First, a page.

India, the world's largest buyer of Russian weapons, is looking for alternative suppliers, Reuters claims.
New Delhi has long been talking about diversifying the suppliers of its huge military and even producing more equipment domestically, goals that have taken on new urgency since the Ukraine crisis, two government officials said.
India needs 25.15 billion rupees ($324 million) worth of defense equipment, which it wants to be produced by domestic firms rather than bought from overseas, according to an online platform on which the Defense Department posts its requirements.
"The present world order and geopolitical scenario, which is very, very turbulent, has also taught us a lesson," Air Marshal Vibhas Pande, who leads maintenance operations for the Indian Air Force, said this month.
"If we want to provide certainty and stability ... the only option is to have a totally self-reliant or self-sustained supply chain mechanism established within the country," Pande told defence manufacturers in New Delhi.
Another document says that the Indian Air Force is looking for equipment such as ejection blocks for Russian Sukhoi fighter jets and propellers for Ukrainian Antonov transport aircraft.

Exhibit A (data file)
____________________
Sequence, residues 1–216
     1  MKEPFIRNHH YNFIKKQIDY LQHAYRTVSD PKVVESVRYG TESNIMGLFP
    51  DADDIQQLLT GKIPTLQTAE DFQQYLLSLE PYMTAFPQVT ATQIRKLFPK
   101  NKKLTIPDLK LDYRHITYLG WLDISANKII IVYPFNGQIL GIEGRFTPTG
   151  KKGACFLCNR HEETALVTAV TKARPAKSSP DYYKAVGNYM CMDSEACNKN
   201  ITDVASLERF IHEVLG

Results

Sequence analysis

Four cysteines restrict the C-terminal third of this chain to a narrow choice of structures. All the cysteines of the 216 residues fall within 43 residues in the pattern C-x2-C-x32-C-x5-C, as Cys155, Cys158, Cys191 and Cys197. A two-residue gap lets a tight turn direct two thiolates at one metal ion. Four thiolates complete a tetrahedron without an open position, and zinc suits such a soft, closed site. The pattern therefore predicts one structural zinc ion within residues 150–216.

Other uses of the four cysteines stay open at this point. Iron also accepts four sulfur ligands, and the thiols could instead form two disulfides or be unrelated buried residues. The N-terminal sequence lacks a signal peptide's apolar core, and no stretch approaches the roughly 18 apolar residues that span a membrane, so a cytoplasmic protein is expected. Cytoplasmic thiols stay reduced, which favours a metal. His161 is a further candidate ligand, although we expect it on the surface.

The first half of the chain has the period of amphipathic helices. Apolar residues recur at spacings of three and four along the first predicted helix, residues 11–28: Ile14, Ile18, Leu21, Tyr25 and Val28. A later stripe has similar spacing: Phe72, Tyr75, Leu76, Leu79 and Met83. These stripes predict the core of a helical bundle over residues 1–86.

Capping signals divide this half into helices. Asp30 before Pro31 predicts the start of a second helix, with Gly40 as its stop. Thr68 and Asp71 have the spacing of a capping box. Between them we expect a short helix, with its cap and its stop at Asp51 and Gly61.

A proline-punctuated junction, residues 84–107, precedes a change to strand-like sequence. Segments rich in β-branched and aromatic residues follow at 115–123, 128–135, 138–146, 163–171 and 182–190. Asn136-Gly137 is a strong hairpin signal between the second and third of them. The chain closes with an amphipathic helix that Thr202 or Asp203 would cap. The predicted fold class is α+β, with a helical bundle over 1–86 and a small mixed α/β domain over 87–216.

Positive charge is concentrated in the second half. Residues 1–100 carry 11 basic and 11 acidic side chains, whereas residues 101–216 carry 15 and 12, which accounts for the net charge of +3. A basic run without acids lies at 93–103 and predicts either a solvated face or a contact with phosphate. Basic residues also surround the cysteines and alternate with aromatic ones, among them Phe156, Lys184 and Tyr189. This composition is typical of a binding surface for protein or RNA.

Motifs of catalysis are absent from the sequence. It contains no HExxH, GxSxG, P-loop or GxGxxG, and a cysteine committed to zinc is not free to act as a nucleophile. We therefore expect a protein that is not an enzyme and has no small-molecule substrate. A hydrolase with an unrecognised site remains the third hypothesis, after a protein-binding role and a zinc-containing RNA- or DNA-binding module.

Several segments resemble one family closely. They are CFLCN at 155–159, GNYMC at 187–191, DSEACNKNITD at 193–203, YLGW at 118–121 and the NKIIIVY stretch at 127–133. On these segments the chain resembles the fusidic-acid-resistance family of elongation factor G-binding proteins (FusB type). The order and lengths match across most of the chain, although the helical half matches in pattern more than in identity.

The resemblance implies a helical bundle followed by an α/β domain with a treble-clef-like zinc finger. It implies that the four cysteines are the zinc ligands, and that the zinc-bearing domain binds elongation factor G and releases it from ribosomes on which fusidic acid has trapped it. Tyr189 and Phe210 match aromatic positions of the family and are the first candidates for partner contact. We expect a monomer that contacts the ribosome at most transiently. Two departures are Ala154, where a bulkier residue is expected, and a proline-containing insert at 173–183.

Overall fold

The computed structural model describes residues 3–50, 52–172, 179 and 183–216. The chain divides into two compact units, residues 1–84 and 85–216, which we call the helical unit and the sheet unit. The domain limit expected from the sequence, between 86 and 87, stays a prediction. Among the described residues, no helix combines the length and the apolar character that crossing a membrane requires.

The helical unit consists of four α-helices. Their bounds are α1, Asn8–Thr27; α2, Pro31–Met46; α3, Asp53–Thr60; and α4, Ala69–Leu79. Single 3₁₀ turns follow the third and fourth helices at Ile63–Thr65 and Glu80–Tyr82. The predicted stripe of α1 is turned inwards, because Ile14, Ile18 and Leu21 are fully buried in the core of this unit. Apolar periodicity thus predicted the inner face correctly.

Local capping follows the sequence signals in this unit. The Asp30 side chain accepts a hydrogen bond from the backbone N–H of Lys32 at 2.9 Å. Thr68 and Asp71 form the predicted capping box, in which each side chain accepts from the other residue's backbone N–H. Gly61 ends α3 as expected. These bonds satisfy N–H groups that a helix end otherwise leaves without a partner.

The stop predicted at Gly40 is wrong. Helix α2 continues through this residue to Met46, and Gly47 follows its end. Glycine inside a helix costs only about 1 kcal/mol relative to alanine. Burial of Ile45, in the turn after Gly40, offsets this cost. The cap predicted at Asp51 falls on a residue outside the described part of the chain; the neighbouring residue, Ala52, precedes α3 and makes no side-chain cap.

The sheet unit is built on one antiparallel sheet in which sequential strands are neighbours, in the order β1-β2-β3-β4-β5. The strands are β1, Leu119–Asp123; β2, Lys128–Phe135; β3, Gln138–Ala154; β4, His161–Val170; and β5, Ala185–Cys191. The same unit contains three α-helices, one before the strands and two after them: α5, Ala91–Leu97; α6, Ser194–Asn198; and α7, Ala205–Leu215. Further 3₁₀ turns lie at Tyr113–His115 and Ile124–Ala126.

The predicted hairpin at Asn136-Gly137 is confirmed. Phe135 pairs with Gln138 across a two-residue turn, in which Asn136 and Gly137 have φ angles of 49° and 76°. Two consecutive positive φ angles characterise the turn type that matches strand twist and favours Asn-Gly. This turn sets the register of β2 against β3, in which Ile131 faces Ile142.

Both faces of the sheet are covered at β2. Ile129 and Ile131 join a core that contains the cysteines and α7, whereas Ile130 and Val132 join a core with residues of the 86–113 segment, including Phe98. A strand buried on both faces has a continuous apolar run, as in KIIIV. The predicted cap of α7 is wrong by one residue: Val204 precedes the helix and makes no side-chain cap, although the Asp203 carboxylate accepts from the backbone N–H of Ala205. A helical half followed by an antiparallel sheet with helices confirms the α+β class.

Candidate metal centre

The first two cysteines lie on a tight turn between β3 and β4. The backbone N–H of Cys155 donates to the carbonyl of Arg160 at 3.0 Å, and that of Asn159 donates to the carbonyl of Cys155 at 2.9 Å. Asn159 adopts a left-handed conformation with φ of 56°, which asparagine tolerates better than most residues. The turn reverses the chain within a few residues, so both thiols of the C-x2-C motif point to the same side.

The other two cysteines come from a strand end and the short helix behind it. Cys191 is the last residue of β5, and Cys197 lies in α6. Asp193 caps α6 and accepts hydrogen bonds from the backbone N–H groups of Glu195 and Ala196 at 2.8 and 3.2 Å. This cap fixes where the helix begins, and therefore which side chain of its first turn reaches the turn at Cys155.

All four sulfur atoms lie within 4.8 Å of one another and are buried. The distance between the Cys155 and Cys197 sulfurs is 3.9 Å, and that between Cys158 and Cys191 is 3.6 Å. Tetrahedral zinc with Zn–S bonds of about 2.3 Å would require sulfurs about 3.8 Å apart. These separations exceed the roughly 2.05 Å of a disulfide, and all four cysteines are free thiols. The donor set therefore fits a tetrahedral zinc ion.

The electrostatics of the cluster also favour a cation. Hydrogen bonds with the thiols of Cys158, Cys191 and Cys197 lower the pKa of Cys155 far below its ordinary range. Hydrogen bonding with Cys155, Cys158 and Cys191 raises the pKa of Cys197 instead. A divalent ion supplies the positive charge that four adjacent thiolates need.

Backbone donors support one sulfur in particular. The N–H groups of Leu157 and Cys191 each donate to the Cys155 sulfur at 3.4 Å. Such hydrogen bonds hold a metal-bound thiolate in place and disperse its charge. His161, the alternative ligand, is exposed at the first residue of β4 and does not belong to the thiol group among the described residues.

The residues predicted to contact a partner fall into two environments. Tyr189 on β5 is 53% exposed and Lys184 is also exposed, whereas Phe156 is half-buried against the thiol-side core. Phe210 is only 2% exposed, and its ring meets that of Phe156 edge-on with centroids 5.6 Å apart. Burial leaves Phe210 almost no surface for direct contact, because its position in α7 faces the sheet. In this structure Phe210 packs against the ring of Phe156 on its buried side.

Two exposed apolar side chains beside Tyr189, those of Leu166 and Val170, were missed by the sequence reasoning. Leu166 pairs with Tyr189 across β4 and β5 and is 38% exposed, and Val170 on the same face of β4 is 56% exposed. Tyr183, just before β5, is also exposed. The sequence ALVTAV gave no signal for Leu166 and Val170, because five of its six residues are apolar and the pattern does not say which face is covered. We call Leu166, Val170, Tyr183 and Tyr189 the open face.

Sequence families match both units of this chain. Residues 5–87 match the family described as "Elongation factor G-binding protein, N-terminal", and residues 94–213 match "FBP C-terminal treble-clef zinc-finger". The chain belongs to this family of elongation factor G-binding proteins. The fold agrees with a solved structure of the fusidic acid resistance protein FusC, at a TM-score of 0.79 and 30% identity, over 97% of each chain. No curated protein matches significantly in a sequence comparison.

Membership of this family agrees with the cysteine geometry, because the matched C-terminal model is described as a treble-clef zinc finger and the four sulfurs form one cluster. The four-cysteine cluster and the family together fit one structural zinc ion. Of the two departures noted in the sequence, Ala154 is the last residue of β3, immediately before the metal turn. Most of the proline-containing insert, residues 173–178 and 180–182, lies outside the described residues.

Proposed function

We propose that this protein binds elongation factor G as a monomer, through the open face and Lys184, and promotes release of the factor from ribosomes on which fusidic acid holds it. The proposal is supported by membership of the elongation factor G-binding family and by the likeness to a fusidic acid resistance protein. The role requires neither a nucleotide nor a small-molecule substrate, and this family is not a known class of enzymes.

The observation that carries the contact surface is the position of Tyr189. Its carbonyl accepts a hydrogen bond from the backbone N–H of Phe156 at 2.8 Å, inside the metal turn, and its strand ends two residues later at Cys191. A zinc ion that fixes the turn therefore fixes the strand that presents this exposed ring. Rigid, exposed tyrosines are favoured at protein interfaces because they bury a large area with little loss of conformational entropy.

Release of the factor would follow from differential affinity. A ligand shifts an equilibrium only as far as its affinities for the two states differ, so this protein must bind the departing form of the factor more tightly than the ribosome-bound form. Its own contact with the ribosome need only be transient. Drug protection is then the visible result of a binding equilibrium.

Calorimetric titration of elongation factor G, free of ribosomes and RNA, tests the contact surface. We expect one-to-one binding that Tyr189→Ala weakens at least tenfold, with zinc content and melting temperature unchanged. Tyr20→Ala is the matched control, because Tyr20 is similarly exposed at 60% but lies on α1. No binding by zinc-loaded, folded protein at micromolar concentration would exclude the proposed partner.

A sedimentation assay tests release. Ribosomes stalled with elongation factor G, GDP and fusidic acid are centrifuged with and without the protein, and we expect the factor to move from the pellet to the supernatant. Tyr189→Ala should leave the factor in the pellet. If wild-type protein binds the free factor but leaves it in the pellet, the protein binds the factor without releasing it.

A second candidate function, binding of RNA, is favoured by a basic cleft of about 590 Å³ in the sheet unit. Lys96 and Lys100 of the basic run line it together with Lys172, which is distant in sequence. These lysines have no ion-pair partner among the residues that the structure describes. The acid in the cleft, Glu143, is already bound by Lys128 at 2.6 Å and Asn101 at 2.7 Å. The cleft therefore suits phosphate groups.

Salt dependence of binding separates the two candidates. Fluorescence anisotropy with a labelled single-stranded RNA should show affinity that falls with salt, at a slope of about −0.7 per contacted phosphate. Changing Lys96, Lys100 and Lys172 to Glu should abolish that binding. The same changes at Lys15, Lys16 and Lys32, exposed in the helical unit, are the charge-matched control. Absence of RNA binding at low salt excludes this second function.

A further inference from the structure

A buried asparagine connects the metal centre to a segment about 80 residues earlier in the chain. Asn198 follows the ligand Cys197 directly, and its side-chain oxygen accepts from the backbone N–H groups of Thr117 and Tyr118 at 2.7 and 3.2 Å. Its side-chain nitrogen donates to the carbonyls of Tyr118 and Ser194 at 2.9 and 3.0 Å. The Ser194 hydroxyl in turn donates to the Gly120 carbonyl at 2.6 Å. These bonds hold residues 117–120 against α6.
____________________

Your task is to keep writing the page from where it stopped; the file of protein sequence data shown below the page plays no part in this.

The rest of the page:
According to a senior government official, India intends to produce up to half of its defense equipment at home.
The Indian armed forces employs 1.38 million people and is one of the world's largest arms importers, having spent $12.4 billion between 2018 and 2021, the SIPRI Arms Transfers database shows.
The Indian army is equipped with Russian-made tanks and Kalashnikov rifles. Its air force uses Sukhoi fighter jets and Mi-17 transport helicopters, and the naval aircraft carrier INS Vikramaditya was formerly part of the Russian navy.
In recent months, some of India's Western partners, including Britain and the United States, have indicated their willingness to expand their defense offerings to New Delhi.
The army, which is making significant efforts to guard India's long borders with China and Pakistan and has fought wars with both neighbors, is working on a three-pronged approach to preparedness, a second government official said.
The government is looking into which Eastern European countries are using weapons and platforms similar to the Indian military and may be able to provide spare parts and ammunition.
The Indian authorities are also urging their Russian counterparts to implement some of the key projects already agreed upon, the official added. Among them are the supply of S-400 missile systems and a deal to produce more than 600,000 AK-203 Kalashnikov assault rifles at a new plant in northern India.